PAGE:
2. I love the term. Some of my inspiration does come from reading other blogs; sometimes a word or phrase will stick in my head, and I will feel the need to expand on it. The inspiration for some of my fiction comes from the same place – an image; a word; a concept – all can be expended into a blog post or a piece of fiction. Inspiration can strike at the oddest times. :-)


  3. Thank you, I have been struggling with ideas to boost my traffic. There must be something that I did right, because of my blog A&E contacted me and on a new pilot my story will be featured. Thank you WP community!!


  4. Twitter is a marketing platform and not really a social media platform at all.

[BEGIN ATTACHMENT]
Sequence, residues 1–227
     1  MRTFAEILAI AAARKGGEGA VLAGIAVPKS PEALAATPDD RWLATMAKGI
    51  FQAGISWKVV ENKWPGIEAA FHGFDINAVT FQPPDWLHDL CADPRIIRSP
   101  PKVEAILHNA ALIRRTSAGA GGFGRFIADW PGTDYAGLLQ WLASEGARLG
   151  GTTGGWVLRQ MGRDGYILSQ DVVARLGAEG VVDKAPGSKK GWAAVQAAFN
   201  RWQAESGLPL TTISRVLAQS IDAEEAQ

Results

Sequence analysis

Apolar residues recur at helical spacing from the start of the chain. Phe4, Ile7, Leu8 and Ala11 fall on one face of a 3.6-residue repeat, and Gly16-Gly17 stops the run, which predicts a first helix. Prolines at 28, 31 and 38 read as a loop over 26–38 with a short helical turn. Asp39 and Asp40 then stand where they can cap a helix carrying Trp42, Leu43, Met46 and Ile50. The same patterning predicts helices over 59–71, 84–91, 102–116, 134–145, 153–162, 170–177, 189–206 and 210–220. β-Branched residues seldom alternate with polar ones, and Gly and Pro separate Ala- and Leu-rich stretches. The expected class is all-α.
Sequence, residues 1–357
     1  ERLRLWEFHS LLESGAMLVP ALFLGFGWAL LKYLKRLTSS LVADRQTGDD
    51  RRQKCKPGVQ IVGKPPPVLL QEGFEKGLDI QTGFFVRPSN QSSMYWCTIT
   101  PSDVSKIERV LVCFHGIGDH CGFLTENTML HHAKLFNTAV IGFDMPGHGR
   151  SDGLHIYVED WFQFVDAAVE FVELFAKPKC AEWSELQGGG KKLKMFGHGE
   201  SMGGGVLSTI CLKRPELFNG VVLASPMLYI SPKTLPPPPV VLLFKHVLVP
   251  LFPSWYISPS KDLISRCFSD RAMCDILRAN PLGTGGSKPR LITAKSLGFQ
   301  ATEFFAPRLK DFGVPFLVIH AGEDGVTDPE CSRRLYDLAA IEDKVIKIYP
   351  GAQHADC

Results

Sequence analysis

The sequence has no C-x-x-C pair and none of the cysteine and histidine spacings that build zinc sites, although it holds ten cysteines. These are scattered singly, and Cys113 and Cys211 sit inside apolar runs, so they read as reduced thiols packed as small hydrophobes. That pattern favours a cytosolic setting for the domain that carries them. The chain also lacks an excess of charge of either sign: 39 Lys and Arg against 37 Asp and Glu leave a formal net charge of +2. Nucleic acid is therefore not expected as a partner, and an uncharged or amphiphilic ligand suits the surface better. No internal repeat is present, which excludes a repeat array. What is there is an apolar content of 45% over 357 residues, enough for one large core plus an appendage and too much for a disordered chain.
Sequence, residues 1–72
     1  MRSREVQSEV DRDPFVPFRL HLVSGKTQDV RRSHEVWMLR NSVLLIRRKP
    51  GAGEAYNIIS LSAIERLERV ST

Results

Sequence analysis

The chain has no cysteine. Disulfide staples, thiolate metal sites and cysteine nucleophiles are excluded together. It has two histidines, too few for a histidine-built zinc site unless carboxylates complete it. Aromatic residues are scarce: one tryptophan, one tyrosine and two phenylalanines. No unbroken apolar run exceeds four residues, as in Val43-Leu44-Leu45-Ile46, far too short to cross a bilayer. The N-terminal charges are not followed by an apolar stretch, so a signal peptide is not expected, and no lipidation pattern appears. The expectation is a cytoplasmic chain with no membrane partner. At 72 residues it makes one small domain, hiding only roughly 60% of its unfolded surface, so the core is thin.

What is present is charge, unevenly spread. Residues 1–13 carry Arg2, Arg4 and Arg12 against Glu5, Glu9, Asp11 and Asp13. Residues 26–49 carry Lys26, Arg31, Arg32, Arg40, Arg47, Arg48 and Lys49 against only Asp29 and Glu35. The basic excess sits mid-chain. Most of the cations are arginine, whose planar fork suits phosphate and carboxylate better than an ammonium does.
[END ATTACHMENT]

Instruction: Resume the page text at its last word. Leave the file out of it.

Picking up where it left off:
California is the hearsay capital of the world so the concept behind good listening strategies also it about never to repeat anything in case it might be slanderous and also wondering about what was heard anyway. See also my profiling of a photograph of a pet alligator that surveys future meals.


  5. Very good information. I have been reading other blogs. I also try to add comments when possible when I check other daily prompts. They help me with the topics and with writing. I also set up my google to email when certain topics a published. I am hoping I do not get overloaded with emails.


  6. This is all very helpful advice for new bloggers and bloggers that have been blogging for years. It’s so easy to fall into a “bloggers block”. Mainly b/c you dont want your post to always sounding the same. Social media is a powerful weapon to get your ideas out there and to make things happen. What I like about wordpress, is the Reader section. Like the blogger stated in the post you can look up in anything and find a post about that topic.